Presentation on theme: "Electrical Power Generation, Transmission, Storage and Utilization"— Presentation transcript:
1Electrical Power Generation, Transmission, Storage and Utilization Ray FindlayIEEE 2002 PresidentMcMaster University, Canada
2Robert K.Green, President & CEO of UtiliCorp United “The utility of the future is multinational, carries its expertise into emerging parallel businesses, has the flexibility and willingness to unbundle, adapts readily to new structures and concepts, goes beyond its traditional borders to grow, and is an expert manager of risk.”
3What’s in the Future? Global power Privatization Consolidation DeregulationFree market competitionEmphasis on capital, investment strategy and economics, including cost reduction
4Technical Requirements Generation: need the lowest cost generation available to meet demandThere are many factors involved in this process, complicated, not only by technical considerations, but also by political considerations:Environmental considerationsMaintenance and operating costsInefficiencies as a result of transmissionRegulatory issues
5Some Elements of the Competitive Power Market Energy network owners - transmissionEnergy tradersEnergy brokersMechanisms for exchangeWholesale energy pricingCost of energy tradingEnergy service providers - distributionRetail operations - supplyMarketing services
6Challenges Aging infrastructure Maintenance & scheduling Power Quality & harmonic distortionAdvances in machine & drive designReducing transmission lossSystem complexityNetworked generation distributionBusiness VS engineering decision-makingEducational issues
7Opportunities Generation asset management Efforts to optimize utilization of generation facilities according to market demandIncentive to increase efficiencies of power plants and systemsIncentive to rationalize maintenance schedules to minimize downtimeImprovement of communications among suppliers, and of monitoring systems
8Transmission/Network Grids, A Problem Unbundling the transmission grid from both the generation and delivery creates a problem - by definition it must be a monopoly.Need to ensure open accessNeed for regulation and oversightNeed for maintenance & development of more capability as requiredDanger of fragmentation, congestion, tariffs, scheduling difficulties, etc.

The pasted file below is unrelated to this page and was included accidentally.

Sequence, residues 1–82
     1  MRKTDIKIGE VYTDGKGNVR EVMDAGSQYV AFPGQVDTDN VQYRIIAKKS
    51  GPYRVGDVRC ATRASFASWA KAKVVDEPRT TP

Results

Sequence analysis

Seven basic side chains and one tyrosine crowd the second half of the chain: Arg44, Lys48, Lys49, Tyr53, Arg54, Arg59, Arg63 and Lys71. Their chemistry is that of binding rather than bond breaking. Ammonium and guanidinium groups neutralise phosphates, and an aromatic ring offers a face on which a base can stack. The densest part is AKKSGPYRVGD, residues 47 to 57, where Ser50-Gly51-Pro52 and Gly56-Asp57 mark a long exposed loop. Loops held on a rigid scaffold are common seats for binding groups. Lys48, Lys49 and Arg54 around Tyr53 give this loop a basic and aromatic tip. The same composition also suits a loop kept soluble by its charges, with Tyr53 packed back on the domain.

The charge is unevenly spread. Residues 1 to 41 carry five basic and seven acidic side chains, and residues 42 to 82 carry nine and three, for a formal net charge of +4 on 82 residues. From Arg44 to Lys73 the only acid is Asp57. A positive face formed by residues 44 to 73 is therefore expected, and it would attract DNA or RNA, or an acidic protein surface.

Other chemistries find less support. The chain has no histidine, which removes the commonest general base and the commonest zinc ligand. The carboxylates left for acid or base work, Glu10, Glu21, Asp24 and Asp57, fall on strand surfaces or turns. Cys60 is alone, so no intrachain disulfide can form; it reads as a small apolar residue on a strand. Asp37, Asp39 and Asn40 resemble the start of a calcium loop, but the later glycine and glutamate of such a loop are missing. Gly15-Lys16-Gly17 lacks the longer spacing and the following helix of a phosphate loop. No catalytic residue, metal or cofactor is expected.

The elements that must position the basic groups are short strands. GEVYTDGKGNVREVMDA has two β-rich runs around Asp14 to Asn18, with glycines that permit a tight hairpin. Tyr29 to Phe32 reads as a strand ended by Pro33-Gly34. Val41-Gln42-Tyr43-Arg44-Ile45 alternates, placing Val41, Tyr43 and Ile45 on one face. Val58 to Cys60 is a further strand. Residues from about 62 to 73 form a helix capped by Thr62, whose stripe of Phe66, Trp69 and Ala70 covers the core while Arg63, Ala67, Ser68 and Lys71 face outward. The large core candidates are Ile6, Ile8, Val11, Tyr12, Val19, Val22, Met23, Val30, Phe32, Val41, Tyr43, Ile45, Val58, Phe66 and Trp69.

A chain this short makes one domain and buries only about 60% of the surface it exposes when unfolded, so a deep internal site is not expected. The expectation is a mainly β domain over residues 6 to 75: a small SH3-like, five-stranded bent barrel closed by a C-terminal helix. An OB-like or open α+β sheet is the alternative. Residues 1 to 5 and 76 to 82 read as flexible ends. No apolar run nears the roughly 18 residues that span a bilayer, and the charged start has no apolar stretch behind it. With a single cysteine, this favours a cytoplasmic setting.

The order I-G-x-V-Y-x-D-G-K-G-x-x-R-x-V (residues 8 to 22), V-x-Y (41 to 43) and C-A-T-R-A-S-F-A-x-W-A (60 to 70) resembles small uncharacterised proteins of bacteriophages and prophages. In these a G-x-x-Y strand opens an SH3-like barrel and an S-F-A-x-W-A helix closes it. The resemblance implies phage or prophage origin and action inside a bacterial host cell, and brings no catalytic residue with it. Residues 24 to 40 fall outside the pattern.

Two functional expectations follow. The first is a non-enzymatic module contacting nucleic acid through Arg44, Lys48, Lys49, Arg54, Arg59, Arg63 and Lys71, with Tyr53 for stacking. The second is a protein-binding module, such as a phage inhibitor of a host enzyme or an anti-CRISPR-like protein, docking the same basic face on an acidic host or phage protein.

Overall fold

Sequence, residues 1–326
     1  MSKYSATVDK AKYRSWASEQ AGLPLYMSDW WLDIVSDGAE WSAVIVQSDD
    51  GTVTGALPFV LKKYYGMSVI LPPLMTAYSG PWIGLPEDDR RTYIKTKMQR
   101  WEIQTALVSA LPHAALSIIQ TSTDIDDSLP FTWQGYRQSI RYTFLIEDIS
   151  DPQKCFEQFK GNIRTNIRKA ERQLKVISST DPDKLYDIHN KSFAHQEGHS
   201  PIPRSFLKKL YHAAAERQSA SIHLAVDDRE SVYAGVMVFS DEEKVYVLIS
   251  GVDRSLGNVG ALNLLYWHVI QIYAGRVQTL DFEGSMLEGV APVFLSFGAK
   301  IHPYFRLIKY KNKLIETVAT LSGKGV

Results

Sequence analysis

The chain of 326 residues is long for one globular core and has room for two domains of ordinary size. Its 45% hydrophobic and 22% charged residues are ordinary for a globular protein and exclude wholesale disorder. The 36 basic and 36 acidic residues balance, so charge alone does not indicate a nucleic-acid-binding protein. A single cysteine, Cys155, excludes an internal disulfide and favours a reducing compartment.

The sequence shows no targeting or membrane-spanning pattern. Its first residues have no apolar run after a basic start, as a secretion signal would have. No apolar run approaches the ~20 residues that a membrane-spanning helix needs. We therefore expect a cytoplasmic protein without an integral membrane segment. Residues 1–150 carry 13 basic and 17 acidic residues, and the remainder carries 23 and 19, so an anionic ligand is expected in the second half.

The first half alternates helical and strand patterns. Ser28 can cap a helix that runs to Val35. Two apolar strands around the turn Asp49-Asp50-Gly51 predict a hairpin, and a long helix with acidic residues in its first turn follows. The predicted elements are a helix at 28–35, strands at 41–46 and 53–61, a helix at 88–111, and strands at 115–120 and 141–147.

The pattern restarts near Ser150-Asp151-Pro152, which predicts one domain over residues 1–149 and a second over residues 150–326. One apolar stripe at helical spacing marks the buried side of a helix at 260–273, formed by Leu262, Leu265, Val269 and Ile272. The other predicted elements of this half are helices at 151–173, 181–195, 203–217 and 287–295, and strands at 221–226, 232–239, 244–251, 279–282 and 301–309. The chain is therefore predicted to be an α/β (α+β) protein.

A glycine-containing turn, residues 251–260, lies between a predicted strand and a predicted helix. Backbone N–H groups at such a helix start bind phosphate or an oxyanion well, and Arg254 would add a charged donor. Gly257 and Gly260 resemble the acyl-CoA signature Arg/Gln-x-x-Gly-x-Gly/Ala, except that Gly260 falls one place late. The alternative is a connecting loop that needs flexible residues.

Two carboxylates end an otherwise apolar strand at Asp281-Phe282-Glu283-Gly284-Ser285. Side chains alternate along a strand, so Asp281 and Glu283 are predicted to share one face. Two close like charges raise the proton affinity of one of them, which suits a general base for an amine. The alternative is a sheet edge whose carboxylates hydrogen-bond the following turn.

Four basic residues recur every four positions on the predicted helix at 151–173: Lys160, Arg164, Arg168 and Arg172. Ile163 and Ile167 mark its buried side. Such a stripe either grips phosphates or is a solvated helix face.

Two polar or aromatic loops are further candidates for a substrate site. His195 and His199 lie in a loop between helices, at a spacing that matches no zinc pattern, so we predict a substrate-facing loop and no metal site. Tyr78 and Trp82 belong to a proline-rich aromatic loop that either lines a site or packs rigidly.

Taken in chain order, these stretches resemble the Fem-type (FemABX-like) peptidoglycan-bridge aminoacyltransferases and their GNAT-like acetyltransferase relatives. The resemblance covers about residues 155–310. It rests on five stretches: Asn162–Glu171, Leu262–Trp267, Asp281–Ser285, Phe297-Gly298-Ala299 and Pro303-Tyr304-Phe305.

9The Retail Environment Role of the retailerOne, two, how many bills?Wholesale versus retailLarge customers versus small customersMultiple service opportunities: gas, electricity, water, financial services (credit)Methods of pricing for retail deliveryfixed term pricingspot market pricingregulated, capped or open access pricing
10ControlWith large, multi-connected systems inter-tying substantial areas of the globe, communication and control become problemsDedicated communication linesInternet operation and controlDC generation/conversion transmission versus AC generation and transmission
11CoGeneration Issue of small plants Interconnections as a virtual plant MethaneWind powerSolar powerTidal powerInterconnections as a virtual plantControl issuesSpecialized components
12Power Quality Harmonics Distortion: power electronic loads, adjustable speed drives & switch-mode power suppliesElectromagnetic compatibilityComponent magnetics: machines, transformers, ACSR, etc.Power factor: displacement power factor versus true power factor
13Power Factor Displacement power factor: PFd = Cos (/VfIf) True power factor:PFt = P/(VrmsIrms)For 100% THD on current, the maximum true power factor will be about 0.71
14Measuring Power Quality Total harmonic distortion Irms/I1True power factorCommunications influence Gw2Ii2/IrmsCrest factor Vpeak/VrmsThere are several other special purpose power quality indices.
15Harmonic SourcesSaturable devices include electrical machines, transformers, some transmission conductors, and fluorescent lights with magnetic ballastingPower electronic (switching) loads include switch-mode power supplies, PWM converters, voltage source converters, fluorescent lighting with electronic ballasting, computers, etc.Although not strictly a source, a resonant system can exacerbate harmonics - systems containing both capacitance and inductance. An example is an inductive load with power factor correction.